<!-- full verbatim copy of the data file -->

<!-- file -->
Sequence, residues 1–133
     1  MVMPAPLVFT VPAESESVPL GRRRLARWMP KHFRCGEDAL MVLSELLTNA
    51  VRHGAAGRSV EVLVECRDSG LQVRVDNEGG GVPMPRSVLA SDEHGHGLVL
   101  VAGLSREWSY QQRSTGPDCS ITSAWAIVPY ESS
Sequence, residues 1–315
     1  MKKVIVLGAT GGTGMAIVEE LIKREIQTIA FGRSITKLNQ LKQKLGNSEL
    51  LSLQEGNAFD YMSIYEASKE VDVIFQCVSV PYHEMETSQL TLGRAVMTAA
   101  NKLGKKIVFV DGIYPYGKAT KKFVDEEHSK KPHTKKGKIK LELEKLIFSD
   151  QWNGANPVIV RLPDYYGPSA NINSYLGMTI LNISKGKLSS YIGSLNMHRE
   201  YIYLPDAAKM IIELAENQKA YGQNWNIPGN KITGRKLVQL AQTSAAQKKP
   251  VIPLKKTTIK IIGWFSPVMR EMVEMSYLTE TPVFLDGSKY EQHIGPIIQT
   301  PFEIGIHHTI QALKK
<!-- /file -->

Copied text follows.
Sequence, residues 1–133
     1  MVMPAPLVFT VPAESESVPL GRRRLARWMP KHFRCGEDAL MVLSELLTNA
    51  VRHGAAGRSV EVLVECRDSG LQVRVDNEGG GVPMPRSVLA SDEHGHGLVL
   101  VAGLSREWSY QQRSTGPDCS ITSAWAIVPY ESS
Sequence, residues 1–315
     1  MKKVIVLGAT GGTGMAIVEE LIKREIQTIA FGRSITKLNQ LKQKLGNSEL
    51  LSLQEGNAFD YMSIYEASKE VDVIFQCVSV PYHEMETSQL TLGRAVMTAA
   101  NKLGKKIVFV DGIYPYGKAT KKFVDEEHSK KPHTKKGKIK LELEKLIFSD
   151  QWNGANPVIV RLPDYYGPSA NINSYLGMTI LNISKGKLSS YIGSLNMHRE
   201  YIYLPDAAKM IIELAENQKA YGQNWNIPGN KITGRKLVQL AQTSAAQKKP
   251  VIPLKKTTIK IIGWFSPVMR EMVEMSYLTE TPVFLDGSKY EQHIGPIIQT
   301  PFEIGIHHTI QALKK